It's wonderful. We pulled into the driveway, into the garage, and as I shut the engine of the car off and got out of the car, came around behind the car, the door to our kitchen opened and my daughter framed the doorway. And as soon as she saw us, she burst into tears and she blurted out these words, Daddy, I just lost my baby. And she came over to me and I just held out my arms and she grabbed me and I held her while she sobbed into my shoulder. And it took a few moments for her to get over the trauma of seeing us on our return and to explain what had happened here. She had just begun her ninth month of her pregnancy, a pregnancy that had been very difficult, that had been one that involved a long period of morning sickness and some difficulties with hemorrhaging and so on. But she had just that day felt the absence of life within her and she had gone to see her doctor and the doctor had gone and put her through many tests and announced to her soberly and sadly that the baby had died. Well, of course, that's always a very difficult thing for any expectant mother to experience, but on top of that, the doctor then explained that the procedure that was necessary for her to follow would be this, that they would bring her into the hospital the next morning and induce labor. And we talked about it and she said, Daddy, they want me to go through labor but my baby's dead. I've often stood in profound admiration at the strength of women to go through the travail of childbirth and I've often wondered after they've gone through it once how they could make the decision to do it again and in many cases again and again.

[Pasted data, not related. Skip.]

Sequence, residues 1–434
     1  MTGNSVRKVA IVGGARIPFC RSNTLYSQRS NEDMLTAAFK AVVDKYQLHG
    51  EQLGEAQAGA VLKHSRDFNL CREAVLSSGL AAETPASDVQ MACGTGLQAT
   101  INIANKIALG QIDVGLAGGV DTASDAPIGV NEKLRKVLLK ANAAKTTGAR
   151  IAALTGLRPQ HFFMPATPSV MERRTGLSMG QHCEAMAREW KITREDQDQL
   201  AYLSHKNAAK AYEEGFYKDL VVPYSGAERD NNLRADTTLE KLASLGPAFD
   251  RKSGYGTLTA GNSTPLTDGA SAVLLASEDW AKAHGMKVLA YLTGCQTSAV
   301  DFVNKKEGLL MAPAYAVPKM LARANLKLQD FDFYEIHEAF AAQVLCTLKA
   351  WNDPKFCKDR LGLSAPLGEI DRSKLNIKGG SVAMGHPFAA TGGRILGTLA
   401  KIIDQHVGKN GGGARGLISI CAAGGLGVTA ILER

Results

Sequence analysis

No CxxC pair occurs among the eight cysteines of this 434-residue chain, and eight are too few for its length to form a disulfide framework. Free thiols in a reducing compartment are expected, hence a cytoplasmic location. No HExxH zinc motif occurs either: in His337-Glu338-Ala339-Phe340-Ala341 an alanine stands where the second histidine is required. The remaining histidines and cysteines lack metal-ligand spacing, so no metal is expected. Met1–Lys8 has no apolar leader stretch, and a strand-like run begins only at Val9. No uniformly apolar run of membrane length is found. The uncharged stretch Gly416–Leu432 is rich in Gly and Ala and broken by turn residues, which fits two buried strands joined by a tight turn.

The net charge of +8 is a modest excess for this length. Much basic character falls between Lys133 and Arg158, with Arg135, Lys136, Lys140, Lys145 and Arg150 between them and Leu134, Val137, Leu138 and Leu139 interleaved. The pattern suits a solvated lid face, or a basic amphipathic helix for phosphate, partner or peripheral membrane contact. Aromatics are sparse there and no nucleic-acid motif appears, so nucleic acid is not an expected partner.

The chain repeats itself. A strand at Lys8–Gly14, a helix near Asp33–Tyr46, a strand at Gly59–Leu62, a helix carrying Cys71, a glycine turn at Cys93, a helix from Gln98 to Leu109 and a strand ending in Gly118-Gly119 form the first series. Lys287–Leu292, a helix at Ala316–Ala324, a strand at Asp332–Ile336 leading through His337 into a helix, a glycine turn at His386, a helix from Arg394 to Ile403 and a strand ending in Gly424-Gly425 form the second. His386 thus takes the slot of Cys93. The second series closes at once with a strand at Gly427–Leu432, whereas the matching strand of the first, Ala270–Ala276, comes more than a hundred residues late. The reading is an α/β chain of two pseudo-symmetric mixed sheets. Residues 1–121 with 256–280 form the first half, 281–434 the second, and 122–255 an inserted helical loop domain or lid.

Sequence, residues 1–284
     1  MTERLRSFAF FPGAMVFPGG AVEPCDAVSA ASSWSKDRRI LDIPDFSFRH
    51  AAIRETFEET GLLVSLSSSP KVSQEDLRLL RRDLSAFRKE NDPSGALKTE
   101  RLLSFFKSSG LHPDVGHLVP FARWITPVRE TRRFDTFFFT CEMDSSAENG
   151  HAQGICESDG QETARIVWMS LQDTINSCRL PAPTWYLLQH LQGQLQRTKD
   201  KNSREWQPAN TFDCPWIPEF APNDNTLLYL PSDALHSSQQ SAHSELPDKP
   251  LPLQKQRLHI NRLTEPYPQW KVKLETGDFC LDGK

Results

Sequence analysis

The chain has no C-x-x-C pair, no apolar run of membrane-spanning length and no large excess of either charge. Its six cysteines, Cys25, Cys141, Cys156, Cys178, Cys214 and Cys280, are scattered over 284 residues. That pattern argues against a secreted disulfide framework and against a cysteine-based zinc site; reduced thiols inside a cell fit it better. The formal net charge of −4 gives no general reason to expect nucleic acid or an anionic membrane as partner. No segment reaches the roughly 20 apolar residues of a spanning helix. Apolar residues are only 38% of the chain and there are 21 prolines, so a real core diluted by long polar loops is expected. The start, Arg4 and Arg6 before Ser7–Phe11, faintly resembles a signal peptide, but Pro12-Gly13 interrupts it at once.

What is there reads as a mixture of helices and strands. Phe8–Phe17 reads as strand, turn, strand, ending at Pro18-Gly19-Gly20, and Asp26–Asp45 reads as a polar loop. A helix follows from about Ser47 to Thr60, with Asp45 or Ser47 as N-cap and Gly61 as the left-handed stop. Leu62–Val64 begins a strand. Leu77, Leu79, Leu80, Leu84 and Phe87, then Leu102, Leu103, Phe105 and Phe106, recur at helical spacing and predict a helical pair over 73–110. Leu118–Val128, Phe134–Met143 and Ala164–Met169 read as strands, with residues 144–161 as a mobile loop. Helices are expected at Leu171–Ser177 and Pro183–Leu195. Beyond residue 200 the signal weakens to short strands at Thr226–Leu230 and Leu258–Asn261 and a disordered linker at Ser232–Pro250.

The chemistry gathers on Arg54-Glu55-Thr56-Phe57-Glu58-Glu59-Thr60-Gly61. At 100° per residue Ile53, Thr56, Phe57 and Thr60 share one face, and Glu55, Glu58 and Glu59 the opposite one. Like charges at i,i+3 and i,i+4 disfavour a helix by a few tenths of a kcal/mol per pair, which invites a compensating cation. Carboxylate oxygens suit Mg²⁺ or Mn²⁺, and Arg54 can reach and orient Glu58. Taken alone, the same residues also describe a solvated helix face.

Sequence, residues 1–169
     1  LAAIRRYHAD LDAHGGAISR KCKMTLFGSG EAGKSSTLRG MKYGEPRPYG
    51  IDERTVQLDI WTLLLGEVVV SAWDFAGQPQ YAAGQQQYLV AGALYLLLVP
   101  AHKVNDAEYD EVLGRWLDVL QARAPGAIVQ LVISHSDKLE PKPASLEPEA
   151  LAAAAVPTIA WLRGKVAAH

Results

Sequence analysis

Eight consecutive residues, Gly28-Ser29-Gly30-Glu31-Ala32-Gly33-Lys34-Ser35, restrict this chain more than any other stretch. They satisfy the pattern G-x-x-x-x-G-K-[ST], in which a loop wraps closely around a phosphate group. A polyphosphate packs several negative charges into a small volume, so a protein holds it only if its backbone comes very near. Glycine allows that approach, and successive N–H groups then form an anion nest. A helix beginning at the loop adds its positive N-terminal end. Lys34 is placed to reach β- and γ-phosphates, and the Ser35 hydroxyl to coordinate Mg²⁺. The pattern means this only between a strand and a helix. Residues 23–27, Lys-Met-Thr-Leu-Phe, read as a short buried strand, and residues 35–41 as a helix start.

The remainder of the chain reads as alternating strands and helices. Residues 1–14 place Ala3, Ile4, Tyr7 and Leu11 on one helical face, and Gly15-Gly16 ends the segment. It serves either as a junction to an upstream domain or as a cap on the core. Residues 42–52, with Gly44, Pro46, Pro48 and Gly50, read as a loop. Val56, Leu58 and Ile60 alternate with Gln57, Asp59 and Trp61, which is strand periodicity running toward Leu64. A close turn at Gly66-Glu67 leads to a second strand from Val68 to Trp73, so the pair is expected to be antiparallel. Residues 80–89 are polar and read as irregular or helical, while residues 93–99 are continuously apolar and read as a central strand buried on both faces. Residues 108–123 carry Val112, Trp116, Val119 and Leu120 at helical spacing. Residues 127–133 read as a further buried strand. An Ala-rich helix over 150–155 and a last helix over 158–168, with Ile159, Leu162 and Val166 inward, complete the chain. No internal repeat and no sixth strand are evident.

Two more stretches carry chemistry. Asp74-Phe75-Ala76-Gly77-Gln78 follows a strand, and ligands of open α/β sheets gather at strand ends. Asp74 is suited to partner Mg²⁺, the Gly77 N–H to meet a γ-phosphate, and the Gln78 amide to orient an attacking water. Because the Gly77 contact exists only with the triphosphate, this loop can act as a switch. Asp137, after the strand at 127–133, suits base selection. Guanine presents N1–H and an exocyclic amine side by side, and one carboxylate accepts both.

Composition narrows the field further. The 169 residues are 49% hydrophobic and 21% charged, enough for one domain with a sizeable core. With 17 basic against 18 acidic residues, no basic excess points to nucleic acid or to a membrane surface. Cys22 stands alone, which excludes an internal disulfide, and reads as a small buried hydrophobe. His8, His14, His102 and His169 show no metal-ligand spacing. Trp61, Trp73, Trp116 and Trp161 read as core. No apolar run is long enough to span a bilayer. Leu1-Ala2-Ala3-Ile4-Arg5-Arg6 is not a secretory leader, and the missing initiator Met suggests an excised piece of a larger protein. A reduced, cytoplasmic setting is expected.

And as I speak to women about this, I say, how can you stand to go through this process that we call euphemistically labor? And they say because of what we know is waiting at the end of the pain. That is, a woman is willing to endure the pain of childbirth because she looks forward to the moment that a life will be produced. And once that life is there and she holds her baby for the first time then the pain is behind her and for that moment at least she says, it's worth it and I'll do it again. But how do you go into the hospital to go through childbirth and labor knowing that what's at the end of your pain is death? And that's what my daughter and I had to talk about and she looked at me as a theologian and not just as a father and she wanted to get some heavy answers to her question and frankly I didn't have any. And so we went to the hospital the next day, her husband and her mother and I and she checked in.
They induced the labor. We sat there in the delivery room with her, timed the contractions and she was being heroic I thought. I was very proud of her and after several hours had passed she said, Daddy, why don't you go down and get some lunch and come back in a little while because I'm doing fine. And so I excused myself. I was glad for the respite.